The Oklahoma Supreme Court determined that the primary issue was “when did Arnold’s cause of action arise?"10 In its analysis, the Court reviewed its prior holdings and based on those holdings, held that the cause of action arose when the injury occurred, which was in July 2012 when Arnold claimed rights to the Marmaton formation and was denied payment. The existence of the 1984 leases and the mere fact that they were recorded was not enough to give rise to this dispute. The Marmaton formation had not yet been produced. Also, the Court pointed out that Arnold had never stopped receiving payments on the overriding royalty interest attributable to the Chester formation.11 It was also established that in 1999 Arnold had inquired about the 1984 leases and was told the interests impacted were only the deep rights, not the shallow rights which had been reserved by Arnold.12 Because the Marmaton formation was neighboring the Chester formation and therefore held by the older leases, there was no reason for Arnold to file suit. There was not a controversy at that time. The controversy only arose in 2012 when Cabot refused to pay Arnold.
The court further went into further analysis as to the impact the exception clause had on its decision.13 Ultimately, the Court held that based on the plain language in the leases, due to the conflict with existing production from the Chester formation, the Marmaton formation would remain held by production as to the leases in question. Neither Cabot nor its predecessors could have unilaterally released the leases as to the Marmaton formation.14 Especially when Arnold was continuously paid on those leases for over 40 years.15
This case addresses head on the holdings of the Oklahoma Supreme Court in Scott v. Peters, 2016 OK 38, and Calvert v. Swinford, 2016 OK 100, each ruling on a statute of limitations as to deeds filed of record. However, the Court distinguished those cases, in that in the Scott and Calvert cases, the grantors were attempting to subvert the statute of limitations.16 The grantors in those cases were in a position to understand everything that was negotiated and have every opportunity to review the documents. In the case under discussion, Arnold did have notice of the leases, but there was not anything in the leases, nor anything discussed in conversations with the operator, that would have indicated the Marmaton formation was released. Therefore, the first time there was notice of such a release was in 2012 after payments were refused. The dealings between the parties and the record did not offer any notice such that Arnold should have been aware of such a release. Ultimately, the injury did not occur until Arnold inquired about the payment of the overriding royalty interests and was denied. It was at that point, opined the Court, that the statute of limitations began to run.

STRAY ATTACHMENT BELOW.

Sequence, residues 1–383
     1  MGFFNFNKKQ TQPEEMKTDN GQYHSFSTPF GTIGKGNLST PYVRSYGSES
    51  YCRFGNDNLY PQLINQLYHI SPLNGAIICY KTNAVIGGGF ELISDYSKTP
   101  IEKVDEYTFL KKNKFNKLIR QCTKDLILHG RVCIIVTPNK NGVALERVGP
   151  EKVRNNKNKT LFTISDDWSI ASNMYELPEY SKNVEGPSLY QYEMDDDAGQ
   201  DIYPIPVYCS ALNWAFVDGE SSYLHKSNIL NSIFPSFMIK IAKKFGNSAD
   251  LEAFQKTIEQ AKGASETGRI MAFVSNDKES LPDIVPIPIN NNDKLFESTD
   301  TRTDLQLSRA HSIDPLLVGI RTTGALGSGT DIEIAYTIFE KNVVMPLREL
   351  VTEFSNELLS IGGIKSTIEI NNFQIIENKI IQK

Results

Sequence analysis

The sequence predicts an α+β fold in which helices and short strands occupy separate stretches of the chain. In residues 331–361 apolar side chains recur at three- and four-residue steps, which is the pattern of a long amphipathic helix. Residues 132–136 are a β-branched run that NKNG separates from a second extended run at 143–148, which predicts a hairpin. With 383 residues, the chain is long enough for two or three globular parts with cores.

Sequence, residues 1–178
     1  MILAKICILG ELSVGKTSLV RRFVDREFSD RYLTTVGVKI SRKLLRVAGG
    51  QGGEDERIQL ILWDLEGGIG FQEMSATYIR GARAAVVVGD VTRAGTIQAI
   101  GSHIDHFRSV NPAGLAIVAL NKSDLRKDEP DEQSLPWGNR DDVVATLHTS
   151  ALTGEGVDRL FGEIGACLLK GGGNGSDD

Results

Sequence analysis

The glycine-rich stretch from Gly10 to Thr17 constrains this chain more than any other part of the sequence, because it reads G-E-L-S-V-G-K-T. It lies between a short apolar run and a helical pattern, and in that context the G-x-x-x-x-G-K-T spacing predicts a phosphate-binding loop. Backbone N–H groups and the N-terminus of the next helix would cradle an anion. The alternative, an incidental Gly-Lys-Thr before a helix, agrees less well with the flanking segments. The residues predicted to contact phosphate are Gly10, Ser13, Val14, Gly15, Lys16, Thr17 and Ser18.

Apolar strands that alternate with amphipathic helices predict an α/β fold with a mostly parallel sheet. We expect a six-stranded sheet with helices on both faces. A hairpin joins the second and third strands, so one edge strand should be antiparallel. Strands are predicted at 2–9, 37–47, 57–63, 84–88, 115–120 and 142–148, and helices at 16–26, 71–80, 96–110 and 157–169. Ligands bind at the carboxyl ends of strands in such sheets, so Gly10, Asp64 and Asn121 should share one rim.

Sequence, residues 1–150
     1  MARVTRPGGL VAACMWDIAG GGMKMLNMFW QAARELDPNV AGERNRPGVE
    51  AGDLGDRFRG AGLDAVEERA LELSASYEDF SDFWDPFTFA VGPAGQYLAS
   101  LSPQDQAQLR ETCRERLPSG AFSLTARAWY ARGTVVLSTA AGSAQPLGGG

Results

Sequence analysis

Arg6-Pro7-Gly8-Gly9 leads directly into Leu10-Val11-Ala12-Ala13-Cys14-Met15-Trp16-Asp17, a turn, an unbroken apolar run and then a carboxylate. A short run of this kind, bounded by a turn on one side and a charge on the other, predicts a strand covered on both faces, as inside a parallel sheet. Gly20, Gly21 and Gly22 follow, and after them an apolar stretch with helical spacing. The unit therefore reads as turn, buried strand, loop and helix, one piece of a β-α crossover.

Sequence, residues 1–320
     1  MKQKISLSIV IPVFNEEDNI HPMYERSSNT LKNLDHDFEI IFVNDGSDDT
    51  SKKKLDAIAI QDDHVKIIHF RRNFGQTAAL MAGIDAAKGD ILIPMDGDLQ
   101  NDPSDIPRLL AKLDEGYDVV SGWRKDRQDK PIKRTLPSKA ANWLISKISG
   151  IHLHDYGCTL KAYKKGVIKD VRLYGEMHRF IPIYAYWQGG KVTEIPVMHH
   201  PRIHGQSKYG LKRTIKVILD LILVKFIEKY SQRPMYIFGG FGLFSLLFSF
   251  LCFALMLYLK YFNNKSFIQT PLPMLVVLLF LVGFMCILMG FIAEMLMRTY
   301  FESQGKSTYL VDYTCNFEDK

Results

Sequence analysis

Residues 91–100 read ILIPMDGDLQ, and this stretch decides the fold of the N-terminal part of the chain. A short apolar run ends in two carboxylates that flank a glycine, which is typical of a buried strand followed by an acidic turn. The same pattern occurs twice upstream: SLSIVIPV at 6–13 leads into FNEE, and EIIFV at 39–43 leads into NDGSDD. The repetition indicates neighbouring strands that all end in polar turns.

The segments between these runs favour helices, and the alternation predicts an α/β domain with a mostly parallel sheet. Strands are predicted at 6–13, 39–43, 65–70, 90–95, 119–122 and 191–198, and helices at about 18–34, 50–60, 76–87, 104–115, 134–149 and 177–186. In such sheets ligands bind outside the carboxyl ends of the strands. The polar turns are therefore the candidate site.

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1 Claude C. Arnold Non-Operated Royalty Interest Properties v. Cabot Oil & Gas, 2021 OK 4, ¶ 1, __ P.3d __.
3Id. at ¶ 8.
4Id. at ¶ 9.
5Id. at ¶ 2.
6Id. at ¶ 5.
7This clause stated “provided, however, that Lessee shall not be obligated to release any formation, horizon or zone, the production from which would conflict with any existing producing horizon, formation or zone." Id. at ¶ 4.
8Id. at ¶ 6.
9The argument from Arnold was that there was a conflict that was caused as a result of the continuous production from the 1973 wells completed as to the Chester formation, so the Marmaton formation was held by those leases. Id. at ¶ 7.
10Id. at ¶ 12.
11Id. at ¶ 16.
13Id. at ¶ 17.
14Id. at ¶ 18.
16Id. at ¶ 15.